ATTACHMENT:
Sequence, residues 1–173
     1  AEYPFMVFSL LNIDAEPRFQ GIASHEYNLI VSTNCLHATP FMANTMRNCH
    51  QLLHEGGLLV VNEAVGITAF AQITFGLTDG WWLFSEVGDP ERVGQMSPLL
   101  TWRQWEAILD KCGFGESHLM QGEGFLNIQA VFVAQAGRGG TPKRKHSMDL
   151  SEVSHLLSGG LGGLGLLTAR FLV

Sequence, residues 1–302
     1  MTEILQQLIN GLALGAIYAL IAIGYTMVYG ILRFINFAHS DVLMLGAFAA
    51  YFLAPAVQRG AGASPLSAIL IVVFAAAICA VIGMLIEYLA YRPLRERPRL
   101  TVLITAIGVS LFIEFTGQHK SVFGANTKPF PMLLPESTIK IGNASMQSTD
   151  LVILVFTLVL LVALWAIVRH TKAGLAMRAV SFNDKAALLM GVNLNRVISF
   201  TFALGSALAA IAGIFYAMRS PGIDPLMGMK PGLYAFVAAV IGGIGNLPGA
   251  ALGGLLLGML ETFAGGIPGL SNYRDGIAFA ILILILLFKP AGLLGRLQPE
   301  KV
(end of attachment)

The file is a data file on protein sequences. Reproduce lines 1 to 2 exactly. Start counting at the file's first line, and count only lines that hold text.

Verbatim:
Sequence, residues 1–173
     1  AEYPFMVFSL LNIDAEPRFQ GIASHEYNLI VSTNCLHATP FMANTMRNCH